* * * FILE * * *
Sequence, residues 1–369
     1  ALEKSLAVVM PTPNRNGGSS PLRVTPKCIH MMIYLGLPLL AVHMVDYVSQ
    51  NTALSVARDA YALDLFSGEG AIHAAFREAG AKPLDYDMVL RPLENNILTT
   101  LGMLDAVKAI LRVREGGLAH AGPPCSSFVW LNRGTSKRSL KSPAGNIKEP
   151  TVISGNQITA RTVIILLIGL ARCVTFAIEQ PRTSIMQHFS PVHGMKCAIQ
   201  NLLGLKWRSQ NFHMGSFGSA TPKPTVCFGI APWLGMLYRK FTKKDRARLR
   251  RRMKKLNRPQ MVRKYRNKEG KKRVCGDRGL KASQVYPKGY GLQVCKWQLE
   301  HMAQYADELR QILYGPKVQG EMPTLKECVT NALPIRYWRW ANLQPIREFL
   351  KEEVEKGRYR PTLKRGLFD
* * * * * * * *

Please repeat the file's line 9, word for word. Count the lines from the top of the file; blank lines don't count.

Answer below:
   351  KEEVEKGRYR PTLKRGLFD